* * *

Dear Diary, March 14, 1959

I have so much going on in my head. Butch gave me a note that hurt my feelings, but he didn't mean to. He's great. He thinks I'm my own man. If he only knew. Someone is always on me: do this, do that, why can't you act like so and so? At least Butch and the others like me the way I am, even though the real Jimmy can't break through, not yet.

It is so great about Terry's dad. He is doing much better. He only coughs once in awhile. I'll never forget that little prayer. Mary's dad is taking me to her church Sun. Dad and Mom said I could go. Dad said no, but Mom talked him into letting me. She said he never took me, so if Mary's dad took an interest, I should be able to go if I wanted to. I do want to. I've never been to church, that I can remember. I don't know what they do, but I just have this feeling that it will be something new and wonderful. I have to stop writing. I hear Cindy and Beth coming to bed. I have to hide you, Dear Diary. If anyone knew I wrote in here they might laugh at me or even read it. That would be the worst of all. Then I would have nowhere to go with all the bad stuff.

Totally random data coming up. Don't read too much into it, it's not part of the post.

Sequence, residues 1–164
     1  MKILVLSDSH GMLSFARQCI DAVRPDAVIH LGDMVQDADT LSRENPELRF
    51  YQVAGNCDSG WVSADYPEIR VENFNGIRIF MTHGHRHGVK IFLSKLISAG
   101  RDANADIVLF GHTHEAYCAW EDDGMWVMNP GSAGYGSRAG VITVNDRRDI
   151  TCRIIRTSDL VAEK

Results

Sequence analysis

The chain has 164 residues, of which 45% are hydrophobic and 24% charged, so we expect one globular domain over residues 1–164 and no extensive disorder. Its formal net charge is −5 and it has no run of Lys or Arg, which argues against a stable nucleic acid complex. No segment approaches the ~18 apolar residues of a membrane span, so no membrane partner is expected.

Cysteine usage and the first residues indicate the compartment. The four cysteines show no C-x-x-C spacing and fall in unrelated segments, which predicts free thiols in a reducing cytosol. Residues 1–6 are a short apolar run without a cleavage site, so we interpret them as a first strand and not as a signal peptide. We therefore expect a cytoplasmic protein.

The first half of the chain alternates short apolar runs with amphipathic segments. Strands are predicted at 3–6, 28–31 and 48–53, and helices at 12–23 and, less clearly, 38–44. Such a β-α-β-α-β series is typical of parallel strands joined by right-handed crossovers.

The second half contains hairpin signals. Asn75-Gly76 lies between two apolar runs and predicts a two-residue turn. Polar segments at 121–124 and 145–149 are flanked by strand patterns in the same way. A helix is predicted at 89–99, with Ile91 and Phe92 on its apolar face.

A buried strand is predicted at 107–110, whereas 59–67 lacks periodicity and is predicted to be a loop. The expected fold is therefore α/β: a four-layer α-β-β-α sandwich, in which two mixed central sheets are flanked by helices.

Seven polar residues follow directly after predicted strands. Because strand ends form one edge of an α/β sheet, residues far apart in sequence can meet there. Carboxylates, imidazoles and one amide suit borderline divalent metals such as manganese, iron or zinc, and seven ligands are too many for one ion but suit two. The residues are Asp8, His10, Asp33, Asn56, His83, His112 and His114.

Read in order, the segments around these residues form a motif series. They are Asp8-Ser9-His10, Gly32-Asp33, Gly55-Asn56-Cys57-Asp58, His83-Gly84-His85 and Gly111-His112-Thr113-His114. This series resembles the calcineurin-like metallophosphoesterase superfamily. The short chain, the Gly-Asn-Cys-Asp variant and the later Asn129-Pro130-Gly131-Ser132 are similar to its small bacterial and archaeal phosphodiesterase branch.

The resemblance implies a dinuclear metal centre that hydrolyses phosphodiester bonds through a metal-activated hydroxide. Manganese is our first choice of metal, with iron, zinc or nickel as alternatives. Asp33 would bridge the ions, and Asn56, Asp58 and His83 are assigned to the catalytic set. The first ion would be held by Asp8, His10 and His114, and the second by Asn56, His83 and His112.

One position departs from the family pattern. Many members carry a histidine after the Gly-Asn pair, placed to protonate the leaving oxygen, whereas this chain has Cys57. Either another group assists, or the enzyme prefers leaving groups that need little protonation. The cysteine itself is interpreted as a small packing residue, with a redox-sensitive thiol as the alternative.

* * *

Jimmy had just hidden his diary when Cindy - four,and Beth - two came into his room. They ran up to him and gave him a hug. "Good night, Jimmy," they called. Each gave him a wet kiss on his cheek. Then they ran out of the room and went to bed. Jimmy sat thinking about the girls and Mom. At least they loved him. At least they thought he was special, just as he was. He got out his Arabian Nights book and lost himself in pleasure.

(Next time: something very special for Jimmy. Come back and see.)

Friday, March 12, 2010

Chapter XXI . Hearts and Flowers


C 2004 By Gracie Prior


Dear Diary, February 7, l959

The Most wonderful thing has happened. Terry's dad was so sick he had to go to the hospital. We were all so worried about him. Mr. Brewster was at Terry's house and he prayed with us - Terry and me. It was amazing. He held our hands and it was a short prayer, but I felt something inside me. I don't know what it was. Then I had to go home. The next thing I knew, I heard that Mr. Raymond was getting better. Not just a little better, but he really seemed to feel good. Terry said the coughing stopped for awhile. Nobody knows how this happened. I do, but I can hardly believe it. Is it possible? Jimmy

* * *